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Old 09-23-2012, 08:30 AM   #8
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Quote:
Originally Posted by herk7769 View Post
Your first indication that you had hidden damage might just be the skin pealing back on the far opposite wall; while insulation and household goods stream down the highway like it did to my friends old camper (who was hit lightly in a similar manner).
Though obviously a serious issue your description had me thinking about the old cartoons featuring Goofy... Grin. He was always prone to loosing a few items.
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Old 09-23-2012, 08:36 AM   #9
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That looks like a pretty basic repair, even though they will have to replace most of the tin on that wall. It looks like the front wasn't damaged at all?
The tin-and-wood campers are easy to work on, and I see no reason why you shouldn't keep your camper after the repair.
I have no knowledge of camper siding repair but if things look good after and during the repair to the technician then I agree that holding on to the camper and just using it make sense.

The front has no damage. The trash truck looks to have caught the corner molding and ripped backwards.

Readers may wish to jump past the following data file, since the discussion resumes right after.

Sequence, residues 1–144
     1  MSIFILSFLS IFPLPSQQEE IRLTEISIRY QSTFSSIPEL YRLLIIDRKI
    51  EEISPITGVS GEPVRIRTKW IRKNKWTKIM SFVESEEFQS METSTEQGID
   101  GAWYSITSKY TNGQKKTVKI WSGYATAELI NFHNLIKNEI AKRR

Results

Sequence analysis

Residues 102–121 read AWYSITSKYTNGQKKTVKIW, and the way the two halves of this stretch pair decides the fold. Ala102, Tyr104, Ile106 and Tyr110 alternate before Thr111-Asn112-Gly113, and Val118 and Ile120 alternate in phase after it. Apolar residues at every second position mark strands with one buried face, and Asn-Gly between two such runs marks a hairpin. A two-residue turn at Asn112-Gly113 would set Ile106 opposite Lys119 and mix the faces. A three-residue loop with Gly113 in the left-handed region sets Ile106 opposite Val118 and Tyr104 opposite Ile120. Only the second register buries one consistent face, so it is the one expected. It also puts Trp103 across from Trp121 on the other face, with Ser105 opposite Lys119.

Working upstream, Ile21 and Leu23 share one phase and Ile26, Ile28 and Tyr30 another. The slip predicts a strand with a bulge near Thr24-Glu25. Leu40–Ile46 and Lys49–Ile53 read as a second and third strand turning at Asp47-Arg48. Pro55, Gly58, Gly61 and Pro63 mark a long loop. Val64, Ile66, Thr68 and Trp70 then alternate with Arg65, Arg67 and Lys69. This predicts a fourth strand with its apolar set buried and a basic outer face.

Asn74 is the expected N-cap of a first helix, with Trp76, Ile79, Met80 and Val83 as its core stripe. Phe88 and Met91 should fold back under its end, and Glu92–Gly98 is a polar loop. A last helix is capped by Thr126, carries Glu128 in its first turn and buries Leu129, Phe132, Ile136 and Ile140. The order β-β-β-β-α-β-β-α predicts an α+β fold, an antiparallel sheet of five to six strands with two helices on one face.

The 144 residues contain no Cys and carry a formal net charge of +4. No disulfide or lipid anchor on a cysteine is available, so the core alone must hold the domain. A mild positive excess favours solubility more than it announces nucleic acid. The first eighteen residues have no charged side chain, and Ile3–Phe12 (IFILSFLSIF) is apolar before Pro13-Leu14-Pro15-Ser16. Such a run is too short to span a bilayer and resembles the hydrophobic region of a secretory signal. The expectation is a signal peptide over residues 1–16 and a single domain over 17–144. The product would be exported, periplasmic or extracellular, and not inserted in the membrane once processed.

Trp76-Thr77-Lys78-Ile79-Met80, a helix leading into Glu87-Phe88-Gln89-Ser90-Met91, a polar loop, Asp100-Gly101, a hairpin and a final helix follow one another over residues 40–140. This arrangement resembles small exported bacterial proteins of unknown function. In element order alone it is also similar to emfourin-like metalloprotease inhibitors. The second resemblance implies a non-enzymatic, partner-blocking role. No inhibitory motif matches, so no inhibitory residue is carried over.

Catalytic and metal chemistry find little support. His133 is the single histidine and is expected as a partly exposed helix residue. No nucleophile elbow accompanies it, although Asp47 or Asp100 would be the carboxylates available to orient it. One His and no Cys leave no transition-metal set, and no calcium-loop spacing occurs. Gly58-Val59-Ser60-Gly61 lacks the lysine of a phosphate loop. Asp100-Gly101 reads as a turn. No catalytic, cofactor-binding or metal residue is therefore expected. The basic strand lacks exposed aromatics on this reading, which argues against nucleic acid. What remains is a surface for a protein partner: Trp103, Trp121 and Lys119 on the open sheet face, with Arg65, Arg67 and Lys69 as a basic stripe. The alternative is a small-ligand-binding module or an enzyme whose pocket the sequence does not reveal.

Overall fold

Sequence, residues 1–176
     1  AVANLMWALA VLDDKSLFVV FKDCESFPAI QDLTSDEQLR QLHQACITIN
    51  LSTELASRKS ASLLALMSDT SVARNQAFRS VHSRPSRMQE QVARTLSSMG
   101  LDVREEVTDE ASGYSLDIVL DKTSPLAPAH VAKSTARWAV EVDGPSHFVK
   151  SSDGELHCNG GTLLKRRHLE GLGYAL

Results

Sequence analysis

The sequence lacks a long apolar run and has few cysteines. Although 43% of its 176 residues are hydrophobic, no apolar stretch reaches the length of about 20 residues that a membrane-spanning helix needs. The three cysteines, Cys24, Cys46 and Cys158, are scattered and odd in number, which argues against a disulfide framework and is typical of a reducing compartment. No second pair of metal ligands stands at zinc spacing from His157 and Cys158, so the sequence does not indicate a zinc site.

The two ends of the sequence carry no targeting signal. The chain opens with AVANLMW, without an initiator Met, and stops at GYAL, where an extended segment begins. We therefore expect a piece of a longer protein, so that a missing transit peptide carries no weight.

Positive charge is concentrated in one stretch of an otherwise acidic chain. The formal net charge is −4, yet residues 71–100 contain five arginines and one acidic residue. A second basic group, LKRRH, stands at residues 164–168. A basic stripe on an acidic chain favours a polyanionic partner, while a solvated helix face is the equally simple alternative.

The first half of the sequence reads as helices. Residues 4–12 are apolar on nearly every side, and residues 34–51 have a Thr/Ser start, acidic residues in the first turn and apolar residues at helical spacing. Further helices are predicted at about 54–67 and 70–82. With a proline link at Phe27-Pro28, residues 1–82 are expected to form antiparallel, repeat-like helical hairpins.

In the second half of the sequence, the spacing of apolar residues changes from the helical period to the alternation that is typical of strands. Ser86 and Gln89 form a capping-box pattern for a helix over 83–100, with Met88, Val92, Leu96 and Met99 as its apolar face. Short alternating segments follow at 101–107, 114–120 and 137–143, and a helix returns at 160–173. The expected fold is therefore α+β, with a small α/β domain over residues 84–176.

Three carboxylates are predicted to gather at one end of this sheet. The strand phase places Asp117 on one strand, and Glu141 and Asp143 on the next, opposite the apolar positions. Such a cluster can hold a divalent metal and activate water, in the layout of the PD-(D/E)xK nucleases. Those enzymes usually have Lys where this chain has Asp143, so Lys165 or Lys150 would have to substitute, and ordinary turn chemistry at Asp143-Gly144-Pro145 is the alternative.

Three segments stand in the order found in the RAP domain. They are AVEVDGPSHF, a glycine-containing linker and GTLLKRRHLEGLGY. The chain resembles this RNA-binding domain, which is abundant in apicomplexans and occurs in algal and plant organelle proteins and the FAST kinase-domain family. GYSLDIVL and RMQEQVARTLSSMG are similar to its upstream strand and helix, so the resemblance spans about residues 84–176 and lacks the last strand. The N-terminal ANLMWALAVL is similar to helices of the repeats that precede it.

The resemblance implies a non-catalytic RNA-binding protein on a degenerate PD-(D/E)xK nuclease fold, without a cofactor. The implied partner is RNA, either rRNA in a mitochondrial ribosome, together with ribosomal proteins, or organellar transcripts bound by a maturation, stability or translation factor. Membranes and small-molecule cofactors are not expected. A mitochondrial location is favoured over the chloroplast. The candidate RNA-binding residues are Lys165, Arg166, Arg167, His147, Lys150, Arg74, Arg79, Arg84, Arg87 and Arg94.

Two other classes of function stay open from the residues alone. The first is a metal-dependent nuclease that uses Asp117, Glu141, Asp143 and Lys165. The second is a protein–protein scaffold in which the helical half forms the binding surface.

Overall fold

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Dodge Dakota 4.7l HO (260hp/310torq), 131 in wheel base
3.92 gears with towing pkg, Reese dual cam sway control
Tekonsha P3 break controller
- 36 ft Monterey cabin cruiser, Stainless blender
Two 4.7 GXi I/O (2 x 320hp = 640hp)
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Old 09-23-2012, 08:56 AM   #10
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Hope you have the damaged area covered. You do not want water getting into the front of the TT. You will have more damage by water getting in then the small opening caused by the truck. This is a common repair and a good RV repair shop will make a repair that is as good or better then the original. Good luck with the repairs and enjoy your TT for many years to come. The up side is that the aluminum siding is easier to repair the the fiberglass TT.
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Old 09-23-2012, 08:57 AM   #11
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I don't want to sound overly dramatic, but the events I posted about are real; not made up. Trying to get photos from my friend and will post them to try and show the rear end damage and the front failure as a result of the rear end hit.

Having seen the outcome and the initial accident's minor looking damage; my advice is sincere.
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Old 09-23-2012, 09:07 AM   #12